Every good world-weary detective eventually grapples with the futility of it all. In David Fincher's iconic "Se7en," Morgan Freeman's Detective Somerset describes his procedural curation of horrors as "picking up diamonds on a deserted island, saving them in case we get rescued."

Clint Eastwood's "Mystic River" is not as dark, but it's the director's most somber and elegant work. Sean Penn plays a grieving father and small-time gangster in a tight-knit Boston neighborhood. When his daughter is brutally murdered, the investigation takes a shocking focus on one of his childhood best friends, played by Tim Robbins. Kevin Bacon plays another grown-up kid from the old neighborhood, now mediating between the two men, serving as the cop in charge of the investigation.

Bacon's detective has lost faith, too, saying: "Sending killers to jail is just sending them home to the place they've been headed all their dumb, pathetic lives. The dead are still dead." Eastwood constantly cuts to aerial shots of the Charles River running through Boston. The river is mystical because this is a film about fate. As tensions escalate, everyone seems to know the smallest thing could've changed the tragic flow of this tale. And yet, no one has the power to swim to shore.

3. Million Dollar Baby

If Clint Eastwood had finished his filmmaking career and never touched the sweet science, it would've been a tragedy. Eastwood clearly has a love of boxing, but he's too inquisitive to remake "Rocky" or "Raging Bull." "Million Dollar Baby" has plenty of action, but it's not carried by pugilistic masochists enduring beautifully shot brain damage.

"Million Dollar Baby" swept the Oscars in 2005, including two statues for Eastwood. The subtle script is perfectly accented with a scant, finger-plucked score Eastwood largely composed himself. The director's minimalist approach again works wonders and is part of what makes this film so timeless. 

Here, Eastwood plays a gruff boxing trainer who reluctantly turns Hillary Swank's old but heavy-handed novice into a champion — before cornering her through something much grimmer. "Million Dollar Baby" is devastating, and perhaps the most beautiful film ever made about the deep, platonic love that can exist between a coach and his prized protégé.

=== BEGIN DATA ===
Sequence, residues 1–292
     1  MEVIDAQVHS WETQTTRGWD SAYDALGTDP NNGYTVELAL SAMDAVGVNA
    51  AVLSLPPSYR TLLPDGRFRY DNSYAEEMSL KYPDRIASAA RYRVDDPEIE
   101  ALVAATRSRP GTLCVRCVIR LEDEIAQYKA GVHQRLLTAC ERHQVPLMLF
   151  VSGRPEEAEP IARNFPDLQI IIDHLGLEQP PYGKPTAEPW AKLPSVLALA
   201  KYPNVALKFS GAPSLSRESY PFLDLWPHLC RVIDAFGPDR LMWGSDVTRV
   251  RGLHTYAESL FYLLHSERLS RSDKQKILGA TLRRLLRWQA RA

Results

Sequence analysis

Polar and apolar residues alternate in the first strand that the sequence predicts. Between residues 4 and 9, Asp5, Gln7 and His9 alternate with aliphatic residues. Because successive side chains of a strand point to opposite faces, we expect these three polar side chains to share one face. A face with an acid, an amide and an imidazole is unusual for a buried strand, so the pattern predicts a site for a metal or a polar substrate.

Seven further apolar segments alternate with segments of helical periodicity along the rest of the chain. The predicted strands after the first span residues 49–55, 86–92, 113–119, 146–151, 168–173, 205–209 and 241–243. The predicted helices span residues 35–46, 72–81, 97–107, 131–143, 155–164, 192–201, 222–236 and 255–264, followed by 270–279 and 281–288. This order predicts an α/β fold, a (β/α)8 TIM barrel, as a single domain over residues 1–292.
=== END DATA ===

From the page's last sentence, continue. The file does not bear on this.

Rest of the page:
2. American Sniper

The critical reaction to Clint Eastwood's "American Sniper" was suspect of such an openly patriotic film. Rolling Stone called it "almost too dumb to criticize" and a "well-lit little fairy tale with the nutritional value of a fortune cookie." The New York Times, meanwhile, buried it for "turning complicated historical events and characters into fables and heroes."

Not a warm welcome from the professional filmgoing set! Actual ticket buyers, however, loved this drama. "American Sniper" was Eastwood's biggest hit, raking in well over half a billion box-office dollars, says ET Canada.

"American Sniper" is the largely true tale of the real-life Navy SEAL Chris Kyle, the "deadliest sniper in American History." The film makes much of his nickname, "The Legend," maybe because Kyle was turned into one in 2013 when he was murdered on the home-front by a fellow soldier. Before his death, the real Chris wrote the book on his own mythology, started telling wild stories about gunning down bad guys on American soil, and allegedly exaggerated his military valor by puffing up his medal count. Eastwood's tribute, however, is about the part of the warrior's life that is undisputed. Kyle served bravely in America's modern wars, and the unique trauma of those conflicts scarred his mind and took his life, too.

1. Unforgiven

"Unforgiven" isn't just Clint Eastwood's best film — it's the best western ever put to film, period, and one of the greatest pieces of movemaking ever undertaken. But the stature of the film has nothing to do with Eastwood's Oscar win for best director, or its place atop countless listicles, this one included.

Enjoying "Unforgiven" is easy — it's a cracking western even if you spend half the film on your phone (Don't do that). What makes this masterpiece fascinating takes some context about the western genre, and an understanding of Eastwood himself.

"Unforgiven" is the ultimate "anti-western," a genre that attempts to deconstruct the tropes of the classic cowboy melodramas in which good guys in light hats outdraw bad guys in dark ones. The film has a lot to say about shootouts in particular. "Unforgiven" proposes an intuitive take on what kind of sand actually steadies the hand of a man known to win a gunfight. Hint: it's not a quickdraw contest. Gene Hackman is genius as a ruthless sheriff hell-bent on gunning down these cliches, too. But it's really Eastwood as the film's lead who, at age 61, relies on the audience's familiarity with the fearsome characters he played in his youth to convey the truth about human frailty, western fables, and luck of the draw.